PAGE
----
But I wasn’t through woods yet.  After bearing through another bout of deep sand, I finally ended up back on country roads.  For most of the trip, I’ve heard locals complaining about the drought conditions.  In fact, throughout my entire trip, I haven’t felt a single raindrop yet (knock on wood).  But now, big storm clouds could be seen rolling into the Great Plains. I overheard a farmer at a gas station in Corona say they were expecting rain on Tuesday or Wednesday.  This is only Monday but it looked like rain was on early delivery.  The reason this sucked for me was these benign country roads of hard and loose-packed dirt could easily become massively treacherous if rain struck turning them into deep mud.  I’m still riding on dual sport tires that wouldn’t give me much traction in those conditions.


So I leaned on the throttle a little harder.

And then, like I hit a wall, the temperature dropped almost 40 degrees.  I’m not kidding or exaggerating.   I started the day in the mid to high 90s and now my gauge read 57 degrees.  I knew all my complaining about the heat would turn ironic at some point, but I figured it would be near Vancouver not while still in New Mexico.  I still had all the cooling vents open in my riding suit which I quickly pulled over to close.  Nonetheless, I still found myself shivering from the high, chilled winds that kept pushing me left to right in the final miles of the trail.

Before I knew it, I was within 10 miles of the Colorado border.  When I crossed the state line, I was a little choked up.  For all lot of off road riders (most probably), this really wouldn’t have been that big a deal.  But it was for me.  I did it by myself, kept the bike together, stayed on track, and finished what I started.


The word ‘adventure’ gets thrown around far too often in society now.  It’s used far too ubiquitously by marketing executives and travel companies.  I have only two qualifications to define something as an adventure.

  1. It contains an aspect of risk that legitimately concerns or scares you.
  2. You want to quit at some point.

The Shadow of the Rockies Trail had both for me, and that’s why it was my adventure that I’ll always treasure.

From Colorado, I dipped back into New Mexico on the pavement.   The easy monotony of highway traffic felt strangely welcoming as I headed west on Route 72.  I was originally going to head over to Utah and hit Moab and Monument National Park.  But I changed my mind and instead felt Santa Fe calling out to me.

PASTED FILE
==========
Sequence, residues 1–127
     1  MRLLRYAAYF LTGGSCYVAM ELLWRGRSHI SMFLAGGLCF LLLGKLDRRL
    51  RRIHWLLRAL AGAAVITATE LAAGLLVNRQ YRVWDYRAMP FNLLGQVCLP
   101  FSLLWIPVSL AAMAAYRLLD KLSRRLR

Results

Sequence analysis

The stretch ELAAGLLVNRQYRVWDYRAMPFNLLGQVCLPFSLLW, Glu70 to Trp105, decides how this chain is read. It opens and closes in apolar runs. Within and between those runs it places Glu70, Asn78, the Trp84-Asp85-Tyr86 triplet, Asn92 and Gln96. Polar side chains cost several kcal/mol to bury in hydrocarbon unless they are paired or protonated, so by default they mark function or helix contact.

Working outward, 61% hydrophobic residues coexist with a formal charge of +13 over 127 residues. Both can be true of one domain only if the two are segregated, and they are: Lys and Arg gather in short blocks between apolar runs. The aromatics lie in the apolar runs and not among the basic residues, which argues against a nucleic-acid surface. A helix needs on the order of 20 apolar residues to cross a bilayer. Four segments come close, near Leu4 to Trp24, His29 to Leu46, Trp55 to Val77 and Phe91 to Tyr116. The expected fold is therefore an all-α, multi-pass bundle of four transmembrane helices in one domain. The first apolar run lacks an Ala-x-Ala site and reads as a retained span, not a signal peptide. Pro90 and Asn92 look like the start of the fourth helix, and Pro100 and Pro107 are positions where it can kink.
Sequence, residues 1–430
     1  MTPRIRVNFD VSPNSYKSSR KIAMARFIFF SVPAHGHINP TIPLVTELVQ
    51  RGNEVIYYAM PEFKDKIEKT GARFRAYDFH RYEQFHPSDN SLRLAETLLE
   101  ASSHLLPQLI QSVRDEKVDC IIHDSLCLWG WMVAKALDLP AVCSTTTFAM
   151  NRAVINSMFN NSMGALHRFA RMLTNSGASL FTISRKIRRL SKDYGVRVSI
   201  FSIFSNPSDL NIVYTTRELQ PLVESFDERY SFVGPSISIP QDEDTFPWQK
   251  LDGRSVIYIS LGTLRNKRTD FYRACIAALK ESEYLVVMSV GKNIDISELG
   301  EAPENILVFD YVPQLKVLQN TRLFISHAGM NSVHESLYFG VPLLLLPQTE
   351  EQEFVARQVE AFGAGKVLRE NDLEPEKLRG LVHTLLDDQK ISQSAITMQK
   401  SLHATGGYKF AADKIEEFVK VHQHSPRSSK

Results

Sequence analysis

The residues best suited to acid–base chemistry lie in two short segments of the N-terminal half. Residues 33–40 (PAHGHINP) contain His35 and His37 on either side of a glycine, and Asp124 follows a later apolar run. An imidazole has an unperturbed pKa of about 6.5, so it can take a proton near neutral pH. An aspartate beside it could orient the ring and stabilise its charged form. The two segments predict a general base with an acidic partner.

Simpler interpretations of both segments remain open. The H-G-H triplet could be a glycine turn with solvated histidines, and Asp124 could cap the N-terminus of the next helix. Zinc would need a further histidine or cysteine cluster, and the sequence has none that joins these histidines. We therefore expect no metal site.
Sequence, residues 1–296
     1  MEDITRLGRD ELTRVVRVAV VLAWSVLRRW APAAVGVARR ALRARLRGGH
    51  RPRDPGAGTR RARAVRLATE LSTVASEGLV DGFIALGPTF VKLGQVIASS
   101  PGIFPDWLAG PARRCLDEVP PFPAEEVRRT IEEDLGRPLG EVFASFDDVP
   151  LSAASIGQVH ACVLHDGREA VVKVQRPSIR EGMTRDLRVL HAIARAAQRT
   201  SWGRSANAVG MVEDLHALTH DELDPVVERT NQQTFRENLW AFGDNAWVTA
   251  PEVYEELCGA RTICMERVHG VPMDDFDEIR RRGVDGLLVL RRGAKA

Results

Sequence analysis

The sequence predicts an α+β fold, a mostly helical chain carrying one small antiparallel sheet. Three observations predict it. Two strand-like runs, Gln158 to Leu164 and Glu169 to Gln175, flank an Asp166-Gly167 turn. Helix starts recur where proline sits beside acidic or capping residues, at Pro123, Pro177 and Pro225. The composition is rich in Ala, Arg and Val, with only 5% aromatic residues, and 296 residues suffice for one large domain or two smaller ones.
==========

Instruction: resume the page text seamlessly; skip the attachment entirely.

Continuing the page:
I generally consider Santa Fe to be my third favorite city in America (behind New York and San Francisco).  But it might be my second favorite city in which to eat.  Vietnamese and Southwestern cuisine are my dream meals, and authentic versions of either are hard to come by.  I decided to steer Bumblebee towards Taos and then cut south to Santa Fe.  After a few gracious phone calls by my fantastic wife, I was able to get a room at 10,000 Waves – a magnificent spa right outside of town.  This day was going to end well.

But I didn’t even know how well.  As I passed Raton, NM, the cold front eased and I found myself riding in the glorious sweet zone of the high 70s.  The High Plains of New Mexico faded behind me, and in front, I could slowly see giants rising out of the horizon.  After travelling through the dusty flatlands and mesa deserts in the east, it was glorious to see the gargantuan Rocky Mountains in the distance.


I travelled through the deliciously shady Cimerron Canyon, carving through the twisty mountain roads leading to Taos.  High granite walls of the mountain flanked me on either side as I passed fly fishermen wading into the stream that paralleled the road.  It was the most beautiful non-park drive I’d experienced thus far in the trip.


Soon I hit Taos and it was time to head back south.  As I got closer to Santa Fe, I started seeing familiar places that I’ve visited in previous trips.  I only get to Santa Fe infrequently so I treasure the memories and special spots that I know there.  A smile crept across my face as I saw more of the architecture of the adobe style homes that people usually think of when they imagine the Southwest.  I had discovered a whole new side of New Mexico over the past week, but this was the New Mexico I know and love.


I pulled into 10,000 Waves just an hour before sunset, allowing me to throw my gear into the room, change, and hit the communal hot tub while the sun sank below the tips of the San Juan Mountains.

I’m smiling as I write – this was a good day.